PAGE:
Why Don't New Facts Cure Old Fears?
The mental mechanics of how emotions and logic relate aren't widely understood. Our minds are built to mostly be "indirectly rational."
Jag Bhalla is an entrepreneur, inventor and writer. His current project is Errors We Live By, a series of short exoteric essays exposing errors in the big ideas running our lives, details at www.errorsweliveby.com. His last book was I'm Not Hanging Noodles On Your Ears, a surreptitious science gift book from National Geographic Books, details at www.hangingnoodles.com. That explains his twitter handle @hangingnoodles.
How do our fears work? Can we trust new facts to cure old fears? Our minds aren’t built that way.
1. Fear can be useful (“the mother of safety”) or delusional = ideal for examining the often misunderstood mental mechanics of emotions and logic.
3. Bone-deep fear fuels Ta-nehisi Coates’ latest book. His childhood streets were an “array of lethal puzzles.” He feared “those who loved him most.” His father felt “either I can beat him or the police.” All that fear bred violence. It still shapes Coates’ worldview.
5. Our “indirect rationality” means facts usually can’t cure false fears directly or quickly.
6. Feeling IS fast thinking. Per Daniel Kahneman’s two-mind framework, “System 1” generates feelings = rapid, reflex reactions; “System 2” deliberates, consciously, slowly.
7. System 1 does its thing first. Then System 2 kicks in, usually using System 1’s output. Whatever explicit facts System 2 gets, they’re framed by System 1’s separate (“hidden brain”) learning system, which constantly, unconsciously, collects the patterns of your anecdotal unstatistical environment (making toddlers and liberal pundits react like racists).
8. “Rational choice” thinkers typically believe emotions cause irrationality. Reason must overrule emotion’s errors, and better facts ensure better actions (hence nutrition labels, largely ineffective).
10. Feelings process sensory inputs by a logic — your culture’s emotional grammar, your childhood’s patterns, your subsequent psychology. Coates’ book lays out his fearful logic.
11. Conscious thinking usually has emotional goals (to feel good/right). And thoughts can be incoherent (e.g., Robinson questions “a well-regulated militia” meaning guns for all). Plus what’s called rational can be unrealistic or ridiculously self-destructive.
12. David Hume’s "Reason is, and ought only to be the slave of the passions” gets the mechanics right, but needs modification. System 2 reason starts from our feelings, preferences, biases, assumptions ... but System 2 can retrain System 1 reactions = reason reshaping passions.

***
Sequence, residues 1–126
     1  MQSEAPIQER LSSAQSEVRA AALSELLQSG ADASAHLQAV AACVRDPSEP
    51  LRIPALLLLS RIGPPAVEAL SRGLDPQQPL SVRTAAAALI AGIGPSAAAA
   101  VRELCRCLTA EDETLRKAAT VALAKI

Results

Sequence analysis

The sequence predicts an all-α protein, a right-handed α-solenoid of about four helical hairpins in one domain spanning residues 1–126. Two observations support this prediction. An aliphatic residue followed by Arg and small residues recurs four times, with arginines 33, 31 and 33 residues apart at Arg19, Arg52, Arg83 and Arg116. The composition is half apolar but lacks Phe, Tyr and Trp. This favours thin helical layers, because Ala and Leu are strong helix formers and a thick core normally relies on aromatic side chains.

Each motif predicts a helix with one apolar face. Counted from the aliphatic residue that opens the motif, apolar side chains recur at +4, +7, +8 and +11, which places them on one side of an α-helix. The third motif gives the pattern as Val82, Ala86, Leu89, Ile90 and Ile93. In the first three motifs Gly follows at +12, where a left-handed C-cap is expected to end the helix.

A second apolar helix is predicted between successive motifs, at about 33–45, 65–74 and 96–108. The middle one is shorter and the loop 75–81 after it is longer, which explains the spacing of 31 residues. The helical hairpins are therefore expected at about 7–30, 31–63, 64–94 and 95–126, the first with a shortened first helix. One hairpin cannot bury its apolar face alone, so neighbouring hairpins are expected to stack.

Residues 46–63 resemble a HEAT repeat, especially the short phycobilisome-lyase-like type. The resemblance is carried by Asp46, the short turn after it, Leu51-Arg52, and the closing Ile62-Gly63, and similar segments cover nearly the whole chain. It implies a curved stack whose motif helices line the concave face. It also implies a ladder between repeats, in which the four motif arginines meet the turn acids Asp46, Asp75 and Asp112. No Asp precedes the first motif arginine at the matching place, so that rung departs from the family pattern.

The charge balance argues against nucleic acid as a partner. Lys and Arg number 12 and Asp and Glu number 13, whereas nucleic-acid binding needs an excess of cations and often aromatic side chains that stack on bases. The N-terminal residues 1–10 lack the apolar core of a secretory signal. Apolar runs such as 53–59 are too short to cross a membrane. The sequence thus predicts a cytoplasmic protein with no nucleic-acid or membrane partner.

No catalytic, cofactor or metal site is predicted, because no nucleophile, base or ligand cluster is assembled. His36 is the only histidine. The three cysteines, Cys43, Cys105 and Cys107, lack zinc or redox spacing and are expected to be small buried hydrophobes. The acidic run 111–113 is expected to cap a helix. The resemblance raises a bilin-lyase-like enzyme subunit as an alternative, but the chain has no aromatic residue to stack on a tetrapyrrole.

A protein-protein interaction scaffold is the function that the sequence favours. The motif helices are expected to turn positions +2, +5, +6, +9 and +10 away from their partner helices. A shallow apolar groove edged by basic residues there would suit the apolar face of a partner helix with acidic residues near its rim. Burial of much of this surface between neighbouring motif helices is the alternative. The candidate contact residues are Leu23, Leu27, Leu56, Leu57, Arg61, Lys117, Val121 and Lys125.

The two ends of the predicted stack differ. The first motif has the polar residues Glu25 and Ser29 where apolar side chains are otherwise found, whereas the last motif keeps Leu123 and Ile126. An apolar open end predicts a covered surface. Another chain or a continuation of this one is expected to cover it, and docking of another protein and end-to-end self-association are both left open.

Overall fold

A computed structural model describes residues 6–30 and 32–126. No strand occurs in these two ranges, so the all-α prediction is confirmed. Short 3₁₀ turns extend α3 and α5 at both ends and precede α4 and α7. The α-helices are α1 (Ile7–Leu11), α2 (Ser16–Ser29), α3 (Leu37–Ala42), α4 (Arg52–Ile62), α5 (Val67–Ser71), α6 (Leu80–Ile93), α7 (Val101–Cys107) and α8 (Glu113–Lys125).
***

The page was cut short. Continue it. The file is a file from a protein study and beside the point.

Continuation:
13. Surely better models of our nature should be habit driven (like us). We evolved to often act without consciously deciding, using System 1 habits. We can be rational (actions matching aims) indirectly, when acquiring System 1 patterns. They’ll then be automatically triggered, mindlessly repeated, often. Altering (second-nature) habits requires slow, hard retraining.
14. Trust can mitigate or multiply fears. We often don’t or can’t think for ourselves, instead relying on trusted others. If leaders say “quantitative easing” or immigration harms the economy, who has the time or expertise to verify?
15. Harmful trust/fear patterns have hardened into cultural/institutional habits. Why let politicians routinely lie, when lies to sell products are illegal? Is the integrity of donuts or democracy more important?
Fears arise first and fast. They change slowly. How we organize fear shapes us (politically + privately).
Illustration by Julia Suits, The New Yorker cartoonist & author of The Extraordinary Catalog of Peculiar Inventions
The best-selling author tells us his methods.
- James Patterson has sold 300 million copies of his 130 books, making him one of the most successful authors alive today.
- He talks about how some writers can overdo it by adding too much research, or worse, straying from their outline for too long.
- James' latest book, The President is Missing, co-written with former President Bill Clinton, is out now.
Pfizer's partnerships strengthen their ability to deliver vaccines in developing countries.
- Community healthcare workers face many challenges in their work, including often traveling far distances to see their clients
- Pfizer is helping to drive the UN's sustainable development goals through partnerships.
- Pfizer partnered with AMP and the World Health Organization to develop a training program for healthcare workers.
It's the first time the association hasn't hired a comedian in 16 years.
- The 2018 WHCA ended in controversy after comedian Michelle Wolf made jokes some considered to be offensive.
- The WHCA apologized for Wolf's jokes, though some journalists and many comedians backed the comedian and decried arguments in favor of limiting the types of speech permitted at the event.
- Ron Chernow, who penned a bestselling biography of Alexander Hamilton, will speak at next year's dinner.
SMARTER FASTER trademarks owned by The Big Think, Inc. All rights reserved.